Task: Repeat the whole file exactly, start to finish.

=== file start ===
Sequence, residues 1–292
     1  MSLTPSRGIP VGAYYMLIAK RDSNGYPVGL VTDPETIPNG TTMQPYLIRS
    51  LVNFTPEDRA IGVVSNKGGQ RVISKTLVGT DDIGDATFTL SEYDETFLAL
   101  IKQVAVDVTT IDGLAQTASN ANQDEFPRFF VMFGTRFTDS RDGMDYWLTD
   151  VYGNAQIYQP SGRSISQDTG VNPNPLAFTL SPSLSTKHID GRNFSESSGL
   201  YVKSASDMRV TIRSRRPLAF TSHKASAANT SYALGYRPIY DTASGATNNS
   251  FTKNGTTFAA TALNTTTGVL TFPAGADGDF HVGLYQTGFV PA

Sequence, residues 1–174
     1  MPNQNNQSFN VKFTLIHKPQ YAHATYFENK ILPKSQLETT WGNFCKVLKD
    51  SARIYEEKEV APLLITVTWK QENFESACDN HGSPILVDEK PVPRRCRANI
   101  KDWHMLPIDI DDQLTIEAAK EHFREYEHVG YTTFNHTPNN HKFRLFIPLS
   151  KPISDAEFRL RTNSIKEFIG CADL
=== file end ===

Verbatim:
Sequence, residues 1–292
     1  MSLTPSRGIP VGAYYMLIAK RDSNGYPVGL VTDPETIPNG TTMQPYLIRS
    51  LVNFTPEDRA IGVVSNKGGQ RVISKTLVGT DDIGDATFTL SEYDETFLAL
   101  IKQVAVDVTT IDGLAQTASN ANQDEFPRFF VMFGTRFTDS RDGMDYWLTD
   151  VYGNAQIYQP SGRSISQDTG VNPNPLAFTL SPSLSTKHID GRNFSESSGL
   201  YVKSASDMRV TIRSRRPLAF TSHKASAANT SYALGYRPIY DTASGATNNS
   251  FTKNGTTFAA TALNTTTGVL TFPAGADGDF HVGLYQTGFV PA

Sequence, residues 1–174
     1  MPNQNNQSFN VKFTLIHKPQ YAHATYFENK ILPKSQLETT WGNFCKVLKD
    51  SARIYEEKEV APLLITVTWK QENFESACDN HGSPILVDEK PVPRRCRANI
   101  KDWHMLPIDI DDQLTIEAAK EHFREYEHVG YTTFNHTPNN HKFRLFIPLS
   151  KPISDAEFRL RTNSIKEFIG CADL